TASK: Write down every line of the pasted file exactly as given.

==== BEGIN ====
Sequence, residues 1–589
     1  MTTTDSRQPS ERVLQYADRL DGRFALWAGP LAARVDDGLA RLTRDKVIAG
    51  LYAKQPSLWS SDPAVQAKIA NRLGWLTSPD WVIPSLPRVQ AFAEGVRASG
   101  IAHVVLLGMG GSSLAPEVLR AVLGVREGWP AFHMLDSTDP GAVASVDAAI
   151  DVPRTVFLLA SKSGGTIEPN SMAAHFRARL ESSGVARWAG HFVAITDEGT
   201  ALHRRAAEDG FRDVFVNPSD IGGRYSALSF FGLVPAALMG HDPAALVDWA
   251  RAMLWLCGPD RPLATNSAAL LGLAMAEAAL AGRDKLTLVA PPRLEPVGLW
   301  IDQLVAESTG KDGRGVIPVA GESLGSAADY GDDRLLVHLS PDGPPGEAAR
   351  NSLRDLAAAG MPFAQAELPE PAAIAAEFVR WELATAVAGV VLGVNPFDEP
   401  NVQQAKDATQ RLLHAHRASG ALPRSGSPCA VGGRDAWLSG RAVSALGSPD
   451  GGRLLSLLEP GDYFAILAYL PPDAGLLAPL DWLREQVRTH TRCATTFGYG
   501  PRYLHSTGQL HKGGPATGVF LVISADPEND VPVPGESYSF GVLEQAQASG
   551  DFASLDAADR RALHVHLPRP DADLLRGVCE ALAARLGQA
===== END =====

Sequence, residues 1–589
     1  MTTTDSRQPS ERVLQYADRL DGRFALWAGP LAARVDDGLA RLTRDKVIAG
    51  LYAKQPSLWS SDPAVQAKIA NRLGWLTSPD WVIPSLPRVQ AFAEGVRASG
   101  IAHVVLLGMG GSSLAPEVLR AVLGVREGWP AFHMLDSTDP GAVASVDAAI
   151  DVPRTVFLLA SKSGGTIEPN SMAAHFRARL ESSGVARWAG HFVAITDEGT
   201  ALHRRAAEDG FRDVFVNPSD IGGRYSALSF FGLVPAALMG HDPAALVDWA
   251  RAMLWLCGPD RPLATNSAAL LGLAMAEAAL AGRDKLTLVA PPRLEPVGLW
   301  IDQLVAESTG KDGRGVIPVA GESLGSAADY GDDRLLVHLS PDGPPGEAAR
   351  NSLRDLAAAG MPFAQAELPE PAAIAAEFVR WELATAVAGV VLGVNPFDEP
   401  NVQQAKDATQ RLLHAHRASG ALPRSGSPCA VGGRDAWLSG RAVSALGSPD
   451  GGRLLSLLEP GDYFAILAYL PPDAGLLAPL DWLREQVRTH TRCATTFGYG
   501  PRYLHSTGQL HKGGPATGVF LVISADPEND VPVPGESYSF GVLEQAQASG
   551  DFASLDAADR RALHVHLPRP DADLLRGVCE ALAARLGQA